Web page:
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release date:2018.12.11

Pathological mechanism of peroxisome biogenesis disorders

Research Results Medicine/Dentistry/Pharmaceutical Sciences

The research group including Prof. Yukio Fujiki and Prof. Keiichi I. Nakayama in the Medical Institute of Bioregulation, Kyushu University, and Prof. Toshihide Yamashita in Graduate School of Medicine, Osaka University revealed that pathological mechanism underlying the defect of cerebellar development in the patients with peroxisome biogenesis disorders.

Peroxisome is a subcellular organelle essential for various metabolic reactions. Peroxisome biogenesis disorders (PBDs) manifest as neurological deficits in the brain, including abnormal cerebellum development. However, the mechanisms underlying pathogenesis remain enigmatic. To investigate how peroxisome-deficiency causes neurological defects of PBDs, the group established a new PBD model mouse defective in peroxisome assembly factor Pex14p, termed Pex14ΔC/ΔC mouse. Pex14ΔC/ΔC mouse manifests severe brain abnormality such as impaired dendritic development of Purkinje cells in cerebellum (Figure 1). Moreover, extracellular signal-regulated kinase and AKT signaling are attenuated in this mutant mouse by an elevated level of brain-derived neurotrophic factor (BDNF) together with the enhanced expression of TrkB-T1, a dominant-negative isoform of the BDNF receptor. These results suggest that dysregulation of the BDNF-TrkB pathway, an essential signaling for cerebellar morphogenesis, gives rise to the pathogenesis of cerebellum in PBDs (Figure 2). Thus, our findings demonstrate for the first time the pathogenesis of abnormal cerebellar development in PBDs.

The research achievement was published online in Life Science Alliance on December 3, 2018.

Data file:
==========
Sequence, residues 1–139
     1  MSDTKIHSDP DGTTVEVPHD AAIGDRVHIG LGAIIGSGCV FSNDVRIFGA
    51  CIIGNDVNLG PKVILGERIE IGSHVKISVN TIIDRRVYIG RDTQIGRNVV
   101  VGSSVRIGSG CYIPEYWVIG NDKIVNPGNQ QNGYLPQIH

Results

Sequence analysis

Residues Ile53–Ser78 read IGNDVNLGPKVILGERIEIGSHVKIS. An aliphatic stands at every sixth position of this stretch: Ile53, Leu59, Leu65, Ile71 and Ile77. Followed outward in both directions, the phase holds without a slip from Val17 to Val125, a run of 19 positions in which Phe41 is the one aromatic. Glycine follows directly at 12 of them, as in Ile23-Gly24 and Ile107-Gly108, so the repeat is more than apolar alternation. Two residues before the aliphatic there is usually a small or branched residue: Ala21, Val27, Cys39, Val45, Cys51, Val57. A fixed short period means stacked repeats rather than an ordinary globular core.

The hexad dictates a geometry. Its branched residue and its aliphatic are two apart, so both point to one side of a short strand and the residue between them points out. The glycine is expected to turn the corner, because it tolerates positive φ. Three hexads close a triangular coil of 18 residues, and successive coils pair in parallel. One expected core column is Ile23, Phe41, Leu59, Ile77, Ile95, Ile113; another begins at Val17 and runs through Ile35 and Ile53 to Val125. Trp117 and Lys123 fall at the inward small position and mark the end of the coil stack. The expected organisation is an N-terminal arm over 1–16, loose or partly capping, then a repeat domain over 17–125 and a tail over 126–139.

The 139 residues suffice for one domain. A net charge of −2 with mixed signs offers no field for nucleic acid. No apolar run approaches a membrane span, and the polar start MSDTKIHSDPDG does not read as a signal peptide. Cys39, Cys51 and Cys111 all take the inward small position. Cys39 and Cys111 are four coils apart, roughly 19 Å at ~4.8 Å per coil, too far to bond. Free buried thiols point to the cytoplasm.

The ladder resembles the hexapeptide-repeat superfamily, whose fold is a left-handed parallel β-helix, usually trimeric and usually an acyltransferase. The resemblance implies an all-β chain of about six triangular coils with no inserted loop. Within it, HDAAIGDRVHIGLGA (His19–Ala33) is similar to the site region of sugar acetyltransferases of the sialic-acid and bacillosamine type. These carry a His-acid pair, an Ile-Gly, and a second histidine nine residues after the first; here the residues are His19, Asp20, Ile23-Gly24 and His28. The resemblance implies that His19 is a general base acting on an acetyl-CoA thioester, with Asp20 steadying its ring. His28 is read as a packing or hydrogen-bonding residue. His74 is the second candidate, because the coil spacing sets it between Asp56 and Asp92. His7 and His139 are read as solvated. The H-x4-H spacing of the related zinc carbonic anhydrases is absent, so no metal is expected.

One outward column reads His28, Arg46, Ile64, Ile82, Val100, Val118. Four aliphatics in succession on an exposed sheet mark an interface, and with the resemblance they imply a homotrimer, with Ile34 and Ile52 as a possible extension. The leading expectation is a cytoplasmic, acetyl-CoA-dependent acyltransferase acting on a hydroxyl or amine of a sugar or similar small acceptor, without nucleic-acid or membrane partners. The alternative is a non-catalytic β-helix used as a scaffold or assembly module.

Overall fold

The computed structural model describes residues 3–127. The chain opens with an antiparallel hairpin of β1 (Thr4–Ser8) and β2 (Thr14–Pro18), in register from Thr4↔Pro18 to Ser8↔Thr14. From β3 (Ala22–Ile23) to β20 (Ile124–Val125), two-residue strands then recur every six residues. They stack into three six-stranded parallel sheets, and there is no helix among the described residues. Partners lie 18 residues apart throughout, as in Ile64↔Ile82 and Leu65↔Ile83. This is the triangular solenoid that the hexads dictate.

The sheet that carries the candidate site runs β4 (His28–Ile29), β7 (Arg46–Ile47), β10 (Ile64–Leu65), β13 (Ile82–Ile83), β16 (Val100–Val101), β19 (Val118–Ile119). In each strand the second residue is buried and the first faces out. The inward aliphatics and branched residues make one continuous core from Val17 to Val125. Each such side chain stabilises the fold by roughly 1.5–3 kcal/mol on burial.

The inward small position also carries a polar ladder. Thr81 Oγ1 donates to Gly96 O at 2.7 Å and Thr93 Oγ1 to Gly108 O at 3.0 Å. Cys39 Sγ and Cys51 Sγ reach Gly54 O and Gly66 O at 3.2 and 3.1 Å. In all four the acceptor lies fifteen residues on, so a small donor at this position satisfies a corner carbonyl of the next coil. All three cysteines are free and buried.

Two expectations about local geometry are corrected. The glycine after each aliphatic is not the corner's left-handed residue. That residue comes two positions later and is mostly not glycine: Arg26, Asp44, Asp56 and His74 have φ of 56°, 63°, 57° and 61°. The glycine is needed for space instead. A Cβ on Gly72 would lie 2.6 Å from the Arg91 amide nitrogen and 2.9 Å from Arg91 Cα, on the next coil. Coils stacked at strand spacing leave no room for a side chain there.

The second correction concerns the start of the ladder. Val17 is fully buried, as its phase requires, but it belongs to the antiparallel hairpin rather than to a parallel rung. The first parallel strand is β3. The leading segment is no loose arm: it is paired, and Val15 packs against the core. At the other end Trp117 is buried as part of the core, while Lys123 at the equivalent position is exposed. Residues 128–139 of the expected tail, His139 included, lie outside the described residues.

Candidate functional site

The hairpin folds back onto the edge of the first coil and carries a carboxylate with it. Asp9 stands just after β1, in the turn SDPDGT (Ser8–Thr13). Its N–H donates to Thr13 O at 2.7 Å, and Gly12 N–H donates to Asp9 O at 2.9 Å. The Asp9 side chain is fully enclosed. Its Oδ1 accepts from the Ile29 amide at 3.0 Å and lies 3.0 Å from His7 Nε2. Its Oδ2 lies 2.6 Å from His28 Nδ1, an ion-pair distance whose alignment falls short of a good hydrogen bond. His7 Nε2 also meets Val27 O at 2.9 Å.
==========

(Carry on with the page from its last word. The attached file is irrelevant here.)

Figure 1.
Defect of dendritic development of Purkinje cells in cerebellum (postnatal day 7).
(A) Highly-branched dendrites are observed in wild-type mouse Purkinje cells.
(B) Purkinje cells in Pex14ΔC/ΔC mouse show the defect of dendritic development.

Figure 2.
In the wild-type cerebellum (left), BDNF targets to TrkB-TK+ on the surface of Purkinje cells. Cytosolic tyrosine kinase domain (TK) then undergoes autophosphorylation and activates ERK and AKT signaling, leading to the dendritic arborization of Purkinje cells. In the Pex14ΔC/ΔC mouse, BDNF level is increased around the Purkinje cells. On the Purkinje cells of Pex14ΔC/ΔC mouse (right), TrkB-T1 is upregulated and dominant-negatively inhibits autophosphorylation of TrkB-TK+. Decrease of TrkB-TK+ phosphorylation deactivates the ERK and AKT signaling, resulting in the dysmorphogenesis of Purkinje cells.

Research-related inquiries

Yukio Fujiki, Professor, Medical Institute of Bioregulation
Masanori Honsho, Post-doctoral Fellow, Medical Institute of Bioregulation
Yuichi Abe, Post-doctoral Fellow, Medical Institute of Bioregulation

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